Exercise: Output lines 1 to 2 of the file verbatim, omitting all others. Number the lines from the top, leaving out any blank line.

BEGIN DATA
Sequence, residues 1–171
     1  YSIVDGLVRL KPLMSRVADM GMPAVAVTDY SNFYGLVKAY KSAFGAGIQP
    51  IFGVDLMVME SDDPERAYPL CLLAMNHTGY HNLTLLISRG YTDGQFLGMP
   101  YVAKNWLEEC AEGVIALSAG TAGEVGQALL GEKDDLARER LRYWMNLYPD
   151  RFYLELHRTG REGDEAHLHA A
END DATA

Sequence, residues 1–171
     1  YSIVDGLVRL KPLMSRVADM GMPAVAVTDY SNFYGLVKAY KSAFGAGIQP